Jeffrey M. Killeen, the former president of The Fund for Lake George who helped negotiate the organization’s merger with the Lake George Association and became the new LGA’s first chairman, passed away on December 14 after a protracted illness.
Killeen was arguably the single-most powerful advocate for the protection of Lake George since the pioneering conservationist John Apperson died sixty years ago.
“Lake George is the Queen of American Lakes, and for what Jeff Killeen did for Lake George, he deserved to be called its king,” said Lake George Village Mayor Bob Blais.
“Jeff’s work on behalf of the lake was never about Jeff. It was never about the organizations he led. It was about the lake, first, foremost and always,” said Dr. John E. Kelly III, former executive vice president of IBM and a member of the Board of Directors of the Lake George Association.
Kelly said Killeen “made a “science to solutions” approach the cornerstone of lake protection.
“And he raised the funds that would be required if that approach was to produce tangible results. There was no more staunch supporter of science-based solutions to environmental conservation than Jeff Killeen,” Kelly said.
“He had a larger-than-life persona, a limitless vision and a tremendous work ethic,” said Peter Menzies, who succeeded Killeen as the LGA’s chairman in 2022. “He set the stage for everybody who will follow him.”
“Save Lake George”
Mayor Blais began a close, decade-long association with Killeen in 2013, two years after Killeen was elected president of The Fund for Lake George.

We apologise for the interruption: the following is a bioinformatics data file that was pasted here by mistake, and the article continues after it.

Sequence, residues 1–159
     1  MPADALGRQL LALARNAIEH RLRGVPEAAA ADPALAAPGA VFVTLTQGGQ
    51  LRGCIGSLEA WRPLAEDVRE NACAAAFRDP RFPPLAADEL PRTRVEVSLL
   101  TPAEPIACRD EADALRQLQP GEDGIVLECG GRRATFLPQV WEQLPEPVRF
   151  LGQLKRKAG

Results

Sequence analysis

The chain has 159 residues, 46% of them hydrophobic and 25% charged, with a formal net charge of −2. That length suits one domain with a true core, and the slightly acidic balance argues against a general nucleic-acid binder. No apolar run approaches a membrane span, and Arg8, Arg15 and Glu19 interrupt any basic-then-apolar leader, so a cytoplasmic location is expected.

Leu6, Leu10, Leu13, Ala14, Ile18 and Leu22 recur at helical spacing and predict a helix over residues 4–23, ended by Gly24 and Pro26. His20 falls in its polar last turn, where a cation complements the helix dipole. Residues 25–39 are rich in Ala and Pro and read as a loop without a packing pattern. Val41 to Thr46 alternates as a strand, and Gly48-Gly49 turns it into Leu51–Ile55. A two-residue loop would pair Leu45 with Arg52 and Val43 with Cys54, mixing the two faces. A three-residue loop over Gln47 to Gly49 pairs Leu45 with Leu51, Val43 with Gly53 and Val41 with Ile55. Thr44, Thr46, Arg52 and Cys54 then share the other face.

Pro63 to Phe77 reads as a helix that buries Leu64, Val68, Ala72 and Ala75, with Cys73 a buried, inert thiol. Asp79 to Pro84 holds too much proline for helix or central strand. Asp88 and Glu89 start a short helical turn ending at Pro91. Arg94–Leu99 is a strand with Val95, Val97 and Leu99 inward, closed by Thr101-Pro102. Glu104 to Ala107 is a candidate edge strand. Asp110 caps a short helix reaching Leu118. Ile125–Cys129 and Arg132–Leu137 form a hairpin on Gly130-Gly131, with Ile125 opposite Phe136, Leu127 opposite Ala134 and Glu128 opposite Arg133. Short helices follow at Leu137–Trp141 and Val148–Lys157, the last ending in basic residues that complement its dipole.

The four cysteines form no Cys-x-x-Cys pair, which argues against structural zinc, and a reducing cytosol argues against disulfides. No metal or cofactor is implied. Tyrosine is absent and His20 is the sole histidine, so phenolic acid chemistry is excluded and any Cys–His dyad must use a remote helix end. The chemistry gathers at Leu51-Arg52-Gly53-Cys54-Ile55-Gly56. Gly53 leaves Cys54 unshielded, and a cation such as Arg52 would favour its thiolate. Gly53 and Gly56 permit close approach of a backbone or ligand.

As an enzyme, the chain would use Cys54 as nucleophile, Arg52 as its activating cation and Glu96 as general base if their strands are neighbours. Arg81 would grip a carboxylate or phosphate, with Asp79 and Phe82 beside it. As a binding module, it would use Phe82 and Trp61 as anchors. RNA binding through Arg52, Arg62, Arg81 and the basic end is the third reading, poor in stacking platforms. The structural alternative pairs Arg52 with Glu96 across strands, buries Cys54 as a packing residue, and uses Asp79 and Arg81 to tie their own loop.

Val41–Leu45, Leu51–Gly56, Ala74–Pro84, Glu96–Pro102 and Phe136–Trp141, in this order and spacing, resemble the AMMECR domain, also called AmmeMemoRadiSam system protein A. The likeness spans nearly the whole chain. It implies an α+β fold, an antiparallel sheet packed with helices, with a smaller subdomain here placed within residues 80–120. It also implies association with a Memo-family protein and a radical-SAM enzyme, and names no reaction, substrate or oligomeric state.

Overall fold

As founding members of a loose coalition called “Save Lake George,” Blais and Killeen backed a mandatory boat inspection program on Lake George, and made a commitment on behalf of environmental protection groups and municipalities to pay for half the costs of the program, which the Lake George Park Commission launched a year later.
“We stood on the Pier in Bolton Landing and invited New York State to join us, urging the governor to appropriate the other half from the general fund so as to avoid raising fees,” recalled Blais.
The same group hired night watchmen to monitor the state launches, thereby sealing a gap in the lake’s new defenses which any number of invasives could have breached.
Since the Lake George Park Commission launched the boat inspection and decontamination program in 2014, no new invasive species has established itself in Lake George.
“Save Lake George” also took up the task of reducing the amount of road salt entering the lake.
“We began working to safeguard Lake George from salt contamination and in the past few years we’ve seen some very promising results in both salt reduction and cost savings,” said Blais.
In fact, the use of salt within the watershed has been reduced by 50%, putting the lake on a path to recovery.
The Jefferson Project
According to John E. Kelly, Killeen also played an indispensable role in the founding of the Jefferson Project, the collaborative effort of IBM, Rensselaer and The Fund to make Lake George a global model of ecosystem protection.
Kelly, who was Senior Vice President & Director of Research for IBM when he met Killeen in 2013, recalled, “Jeff made a cold call on me at IBM headquarters in Armonk and the rest, as they say, is history.”
Killeen showed Kelly a preliminary draft of RPI’s thirty year study analyzing trends in the lake’s water quality, which was financed by The Fund for Lake George, “and I was stunned by the rising levels of salt and the increase in algae, among other things, ” said Kelly.
Kelly proposed utilizing IBM’s advanced technology to gather more comprehensive data, and the Jefferson Project was born.
“Jeff recognized immediately that we had an opportunity to do something big, and he jumped right on it,” said Kelly. “It was a leap of faith for him, but he took that leap and never looked back.”
Merging The Fund for Lake George and the LGA